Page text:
My favorite example of such a paradox is actually outside of Star Trek. Winston Groom, the author of the "Forrest Gump" novel, wrote a sequel after the Tom Hanks movie came out. One scene in the sequel novel has Forrest going to the Academy Awards -- where he meets Tom Hanks. (This scene might actually have been filmed if the sequel made it to the big screen -- except for the fact that Mr. Hanks doesn't like to make sequels as a general rule.)
Or the movie "Man on the Moon" where Jim Carrey played Andy Kaufman. In several scenes, he portrayed Kaufman as a cast member on "Taxi" alongside many of his real-life castmates, (Christopher Lloyd, Judd Hirsch, Marilu Henner, etc.) With the notable exception of Danny DeVito, who was also a Taxi castmember -- but was absent from that scene since DeVito played an entirely different character for the movie.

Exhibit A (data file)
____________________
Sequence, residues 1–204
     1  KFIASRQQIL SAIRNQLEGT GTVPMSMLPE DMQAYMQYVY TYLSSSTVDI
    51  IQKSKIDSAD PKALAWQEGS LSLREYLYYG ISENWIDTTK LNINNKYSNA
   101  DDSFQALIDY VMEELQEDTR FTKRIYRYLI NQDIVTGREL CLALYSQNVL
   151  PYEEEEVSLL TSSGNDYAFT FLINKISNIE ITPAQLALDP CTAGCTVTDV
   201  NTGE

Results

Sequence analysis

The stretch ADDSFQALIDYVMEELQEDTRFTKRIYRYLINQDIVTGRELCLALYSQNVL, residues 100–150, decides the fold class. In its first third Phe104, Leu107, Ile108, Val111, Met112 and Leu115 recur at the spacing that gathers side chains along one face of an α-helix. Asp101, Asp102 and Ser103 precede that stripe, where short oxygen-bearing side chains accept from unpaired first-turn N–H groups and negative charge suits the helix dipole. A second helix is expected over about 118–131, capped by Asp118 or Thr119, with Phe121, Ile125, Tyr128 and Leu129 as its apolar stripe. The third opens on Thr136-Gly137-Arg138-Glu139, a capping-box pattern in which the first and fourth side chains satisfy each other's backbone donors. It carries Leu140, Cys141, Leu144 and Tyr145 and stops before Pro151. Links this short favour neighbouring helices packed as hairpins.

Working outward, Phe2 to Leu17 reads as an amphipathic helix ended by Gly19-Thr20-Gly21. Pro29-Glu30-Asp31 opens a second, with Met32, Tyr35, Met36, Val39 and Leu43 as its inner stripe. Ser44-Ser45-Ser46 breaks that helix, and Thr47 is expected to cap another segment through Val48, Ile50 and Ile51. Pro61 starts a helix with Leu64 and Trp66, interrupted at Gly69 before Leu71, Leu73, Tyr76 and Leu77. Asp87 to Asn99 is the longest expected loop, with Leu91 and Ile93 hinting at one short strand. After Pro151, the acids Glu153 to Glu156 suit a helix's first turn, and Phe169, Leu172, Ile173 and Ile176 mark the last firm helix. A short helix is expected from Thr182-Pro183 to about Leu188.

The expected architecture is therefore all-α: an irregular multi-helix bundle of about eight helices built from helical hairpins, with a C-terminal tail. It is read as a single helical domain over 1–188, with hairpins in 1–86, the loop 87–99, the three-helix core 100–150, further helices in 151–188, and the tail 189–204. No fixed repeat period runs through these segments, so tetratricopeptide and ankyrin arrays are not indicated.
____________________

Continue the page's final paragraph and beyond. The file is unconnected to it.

To keep it Trek-related, I recall reading a short story (author's name escapes me) where, due to a really bizarre transporter accident, Kirk, Spock and McCoy trade places with Shatner, Nimoy and Kelley. And the actors have to play their "real life" roles for a short time until the real Scotty figures out a way to send them back.